Joint research by The Markup and The City revealed the chatbot’s shortcomings. Promoted as a time-saving tool with “actionable and reliable information,” MyCity misled users about the basic rules. For example, the bot argued that landlords could reject Section 8 housing vouchers; this contradicted the city’s official knowledge of fair housing practices. Similar discrepancies were found in industry-specific details such as workers’ compensation rules and funeral home prices.

The problem lies in MyCity technology. The chatbot, powered by Microsoft Azure, relies on guessing the next word in a sequence without understanding the basics. This method fails when there are no definitive answers in the training data. Markup even documented receiving both correct and incorrect answers to the same question from MyCity.

Although MyCity calls itself a “beta version” and warns users of possible inaccuracies, the official MyCity brand promotes it as the source of “official business information of New York City.” Experts say this incompatibility creates a risky situation for business owners who rely on the bot to make important decisions.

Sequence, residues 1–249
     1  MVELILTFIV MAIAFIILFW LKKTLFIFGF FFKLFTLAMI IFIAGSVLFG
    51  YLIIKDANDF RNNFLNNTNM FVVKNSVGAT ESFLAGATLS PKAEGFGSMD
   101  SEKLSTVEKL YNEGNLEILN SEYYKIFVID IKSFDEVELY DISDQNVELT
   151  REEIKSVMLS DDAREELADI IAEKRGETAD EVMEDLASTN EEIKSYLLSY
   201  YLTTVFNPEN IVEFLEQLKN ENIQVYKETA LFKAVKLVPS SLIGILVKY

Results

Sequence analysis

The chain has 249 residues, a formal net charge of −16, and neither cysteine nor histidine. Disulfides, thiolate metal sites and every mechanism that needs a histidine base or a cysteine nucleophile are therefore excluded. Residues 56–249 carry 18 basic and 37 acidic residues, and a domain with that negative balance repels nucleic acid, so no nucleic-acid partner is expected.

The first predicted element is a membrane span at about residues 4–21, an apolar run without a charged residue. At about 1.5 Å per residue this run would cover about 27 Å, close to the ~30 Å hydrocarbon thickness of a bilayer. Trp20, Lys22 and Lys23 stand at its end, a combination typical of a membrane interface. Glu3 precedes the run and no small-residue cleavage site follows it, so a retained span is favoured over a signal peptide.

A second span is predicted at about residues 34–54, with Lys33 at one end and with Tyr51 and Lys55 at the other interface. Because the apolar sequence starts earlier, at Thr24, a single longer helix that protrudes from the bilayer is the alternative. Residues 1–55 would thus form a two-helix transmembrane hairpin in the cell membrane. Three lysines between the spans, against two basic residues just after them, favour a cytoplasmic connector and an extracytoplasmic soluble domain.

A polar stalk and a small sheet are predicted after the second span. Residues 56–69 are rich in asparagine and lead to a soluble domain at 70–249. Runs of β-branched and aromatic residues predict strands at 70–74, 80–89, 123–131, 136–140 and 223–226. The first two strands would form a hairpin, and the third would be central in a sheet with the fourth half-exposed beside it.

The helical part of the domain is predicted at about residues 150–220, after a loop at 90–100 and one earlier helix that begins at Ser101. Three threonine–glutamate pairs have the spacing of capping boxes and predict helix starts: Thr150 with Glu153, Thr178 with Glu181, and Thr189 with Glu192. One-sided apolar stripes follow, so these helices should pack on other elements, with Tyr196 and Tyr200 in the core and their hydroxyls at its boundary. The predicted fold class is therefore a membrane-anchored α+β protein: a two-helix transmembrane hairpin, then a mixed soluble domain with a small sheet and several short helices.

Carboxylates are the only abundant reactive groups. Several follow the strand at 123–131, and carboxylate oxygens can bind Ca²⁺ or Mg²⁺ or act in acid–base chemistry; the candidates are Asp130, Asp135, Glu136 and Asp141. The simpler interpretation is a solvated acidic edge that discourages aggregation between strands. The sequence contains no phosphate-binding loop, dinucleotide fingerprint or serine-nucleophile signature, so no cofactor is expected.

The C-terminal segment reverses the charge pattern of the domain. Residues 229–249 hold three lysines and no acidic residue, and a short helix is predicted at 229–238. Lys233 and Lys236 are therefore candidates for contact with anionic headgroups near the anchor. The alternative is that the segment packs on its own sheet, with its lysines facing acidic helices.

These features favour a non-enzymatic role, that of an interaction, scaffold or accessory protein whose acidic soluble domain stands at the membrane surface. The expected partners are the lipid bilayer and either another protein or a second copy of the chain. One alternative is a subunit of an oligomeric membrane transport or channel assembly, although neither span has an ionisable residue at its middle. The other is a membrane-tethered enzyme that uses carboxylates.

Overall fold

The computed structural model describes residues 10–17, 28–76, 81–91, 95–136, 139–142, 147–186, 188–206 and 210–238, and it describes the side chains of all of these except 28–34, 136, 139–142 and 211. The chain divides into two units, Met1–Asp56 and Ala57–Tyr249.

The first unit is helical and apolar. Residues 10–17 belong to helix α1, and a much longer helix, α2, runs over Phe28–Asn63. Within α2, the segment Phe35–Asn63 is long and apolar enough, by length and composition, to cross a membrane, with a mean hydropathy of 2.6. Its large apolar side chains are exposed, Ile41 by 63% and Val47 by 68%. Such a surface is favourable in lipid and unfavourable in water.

New York’s Office of Technology and Innovation defends the program, saying it has already helped many people get “timely and accurate answers.” They claim that they aim to improve the tool.

Source: Ferra

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I am a professional journalist and content creator with extensive experience writing for news websites. I currently work as an author at Gadget Onus, where I specialize in covering hot news topics. My written pieces have been published on some of the biggest media outlets around the world, including The Guardian and BBC News.


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